Saturday, February 4, 2012

Did 1.2 Million People "Drop Out of the Labor Force"?




Did 1.2 Million People "Drop Out of the Labor Force"?


Summary

It is being said that 1.2 million people "dropped out of the labor force" between December 2011 and January 2012.  

Each year, the Census Bureau updates their population estimates. For January 2012, the Bureau of Labor Statistics used these adjusted population estimates instead of the estimates they used December 2011.  If these adjustments were applied to December, they would have caused the estimated size of the "persons not in the labor force" to increase by 1.252 million. 

In other words, 1.2 million people (1.177 million) did not "drop out of the labor force" between December and January.  The changes to the population estimates increased the numbers by 1.252 million, so actually about 75,000 people entered the labor force (1.177 million - 1.252 million = 75,000.)


Updated Population Estimates Cause Higher Numbers

According to the Bureau of Labor Statistics:

Effective with data for January 2012, updated population estimates which reflect the results of Census 2010 have been used in the household survey. Population estimates for the household survey are developed by the U.S. Census Bureau. Each year, the Census Bureau updates the estimates to reflect new information and assumptions about the growth of the population during the decade.

...
In accordance with usual practice, BLS will not revise the official household survey estimates for December 2011 and earlier months.


The Bureau of Labor Statistics (BLS) uses population estimates from the U.S. Census Bureau to calculate their data.  If the population estimates increase, then so will the estimates of data, such as the number of unemployed or the "persons not in the labor force."  Since the BLS data for January 2012 uses the updated population estimates, it will naturally be higher than the December 2011 data, which uses previous population estimates.

According to the BLS, that is what happened:

The adjustment increased the estimated size of the civilian noninstitutional population in December by 1,510,000, the civilian labor force by 258,000, employment by 216,000, unemployment by 42,000, and persons not in the labor force by 1,252,000.


If the December 2011 BLS data had used the updated population estimates that were used for the January 2012 data, the number of "persons not in the labor force" would have been 1.252 million higher than previously reported.

The Numbers When Population Increases Are Ignored

Since the published BLS data for January 2012 and December 2011 use different population estimates, they cannot be accurately compared directly to each other.  They should be adjusted for the different population estimates.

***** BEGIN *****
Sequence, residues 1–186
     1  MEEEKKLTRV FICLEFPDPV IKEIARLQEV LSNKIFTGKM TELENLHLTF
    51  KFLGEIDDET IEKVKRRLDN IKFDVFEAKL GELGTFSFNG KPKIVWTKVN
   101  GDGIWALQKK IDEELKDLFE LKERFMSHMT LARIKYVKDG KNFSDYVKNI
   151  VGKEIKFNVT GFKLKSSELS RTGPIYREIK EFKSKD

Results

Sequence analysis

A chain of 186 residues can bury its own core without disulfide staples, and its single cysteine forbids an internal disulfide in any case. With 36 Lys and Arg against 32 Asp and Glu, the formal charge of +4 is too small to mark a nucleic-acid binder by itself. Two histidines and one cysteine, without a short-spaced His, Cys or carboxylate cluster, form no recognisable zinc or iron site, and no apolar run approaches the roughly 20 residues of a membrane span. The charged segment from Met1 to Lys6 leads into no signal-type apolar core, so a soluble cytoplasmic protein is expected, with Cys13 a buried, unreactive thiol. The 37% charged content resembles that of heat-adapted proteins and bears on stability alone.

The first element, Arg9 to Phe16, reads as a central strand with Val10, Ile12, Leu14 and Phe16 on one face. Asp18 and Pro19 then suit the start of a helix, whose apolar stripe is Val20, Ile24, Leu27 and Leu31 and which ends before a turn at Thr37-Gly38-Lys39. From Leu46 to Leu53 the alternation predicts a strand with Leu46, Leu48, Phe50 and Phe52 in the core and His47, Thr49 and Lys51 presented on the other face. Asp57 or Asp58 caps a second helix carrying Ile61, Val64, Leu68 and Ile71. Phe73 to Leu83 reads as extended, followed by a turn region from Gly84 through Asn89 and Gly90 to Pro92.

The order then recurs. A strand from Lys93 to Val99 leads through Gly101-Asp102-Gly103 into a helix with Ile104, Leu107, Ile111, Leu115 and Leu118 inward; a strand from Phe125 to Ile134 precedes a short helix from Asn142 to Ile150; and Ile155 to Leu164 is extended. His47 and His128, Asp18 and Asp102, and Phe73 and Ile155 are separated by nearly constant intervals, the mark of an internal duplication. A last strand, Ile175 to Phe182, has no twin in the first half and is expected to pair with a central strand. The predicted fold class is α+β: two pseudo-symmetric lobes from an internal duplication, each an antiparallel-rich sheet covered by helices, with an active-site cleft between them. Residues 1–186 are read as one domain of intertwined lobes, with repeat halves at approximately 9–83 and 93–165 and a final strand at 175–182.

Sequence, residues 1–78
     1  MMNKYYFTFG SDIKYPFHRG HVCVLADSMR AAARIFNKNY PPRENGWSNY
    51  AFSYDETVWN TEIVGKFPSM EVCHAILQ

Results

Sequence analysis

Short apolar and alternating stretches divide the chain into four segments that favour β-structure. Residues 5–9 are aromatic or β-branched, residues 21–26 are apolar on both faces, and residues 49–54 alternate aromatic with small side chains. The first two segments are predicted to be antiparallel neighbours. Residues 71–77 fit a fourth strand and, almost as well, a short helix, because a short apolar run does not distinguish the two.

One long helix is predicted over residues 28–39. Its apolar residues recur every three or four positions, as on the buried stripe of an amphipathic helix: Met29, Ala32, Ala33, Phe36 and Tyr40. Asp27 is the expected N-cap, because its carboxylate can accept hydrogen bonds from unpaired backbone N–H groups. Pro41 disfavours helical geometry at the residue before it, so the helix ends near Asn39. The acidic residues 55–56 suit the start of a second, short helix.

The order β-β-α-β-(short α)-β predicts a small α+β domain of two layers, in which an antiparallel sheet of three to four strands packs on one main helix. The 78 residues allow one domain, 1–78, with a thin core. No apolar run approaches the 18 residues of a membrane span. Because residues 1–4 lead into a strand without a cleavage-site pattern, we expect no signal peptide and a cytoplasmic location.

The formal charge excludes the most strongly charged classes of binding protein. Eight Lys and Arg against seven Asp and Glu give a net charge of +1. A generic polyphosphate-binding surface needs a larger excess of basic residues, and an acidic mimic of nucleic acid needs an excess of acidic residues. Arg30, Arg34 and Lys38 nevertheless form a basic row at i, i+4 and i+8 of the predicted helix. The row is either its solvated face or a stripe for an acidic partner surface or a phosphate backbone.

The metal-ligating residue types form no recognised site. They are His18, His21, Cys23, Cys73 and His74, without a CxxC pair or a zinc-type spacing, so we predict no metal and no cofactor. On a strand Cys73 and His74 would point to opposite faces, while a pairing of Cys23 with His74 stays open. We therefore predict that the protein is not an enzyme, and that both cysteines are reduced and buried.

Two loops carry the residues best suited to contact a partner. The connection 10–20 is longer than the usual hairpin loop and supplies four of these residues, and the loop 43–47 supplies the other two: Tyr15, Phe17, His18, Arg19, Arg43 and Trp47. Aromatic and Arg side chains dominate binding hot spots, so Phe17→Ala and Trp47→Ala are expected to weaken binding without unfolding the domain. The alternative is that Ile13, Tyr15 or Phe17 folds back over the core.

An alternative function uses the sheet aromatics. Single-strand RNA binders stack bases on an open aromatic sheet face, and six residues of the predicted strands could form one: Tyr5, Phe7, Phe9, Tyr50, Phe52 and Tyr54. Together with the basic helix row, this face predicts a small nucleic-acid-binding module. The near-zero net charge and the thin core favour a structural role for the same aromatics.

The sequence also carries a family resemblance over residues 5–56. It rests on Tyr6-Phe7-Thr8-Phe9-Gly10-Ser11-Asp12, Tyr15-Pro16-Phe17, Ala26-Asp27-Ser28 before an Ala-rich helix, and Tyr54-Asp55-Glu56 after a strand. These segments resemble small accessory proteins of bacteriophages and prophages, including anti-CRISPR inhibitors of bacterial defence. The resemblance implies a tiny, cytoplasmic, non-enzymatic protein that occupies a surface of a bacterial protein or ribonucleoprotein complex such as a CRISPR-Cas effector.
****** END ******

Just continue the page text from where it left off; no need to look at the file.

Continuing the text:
According to the Bureau of Labor Statistics:

(Numbers in thousands) 

Category

December to January change as published
2012 population control effect
December to January changes after removing population control effect
Civilian noninstitutional population
1,685
1,510
 175
Civilian labor force
508
258
250
Not in labor force
1,177
1,252
-75


The amount of people who "dropped out of the labor force" between December and January was published to be 1.177 million, (or 1.2 million rounded.)  However, the number of persons "not in labor force" for December would have been 1.252 million higher if December used the same population estimate as January.

When this is taken into effect, the number of persons "not in the labor force" actually decreased by about 75,000 people.  In other words, people did not "drop out of the labor force."  About 75,000 entered the labor force between December and January.

Also, it should be noted the population estimates increased all numbers for January relative to December:

(Numbers in thousands) 

Category

December to January change as published
2012 population control effect
December to January changes after removing population control effect
Employed
847
216
 631
Unemployed
-339
42
-381
Unemployment rate
-.2
.0
-.2

http://www.bls.gov/news.release/empsit.nr0.htm

The number of unemployed actually decreased by more than published, but the number of employed actually increased by less than published.  Thus, the actual unemployment rate is roughly the same as published.





Link to this article:

http://articlesonpolitics.blogspot.com/2012/02/why-12-million-people-dropped-out-of.html

No comments:

Post a Comment

Post a Comment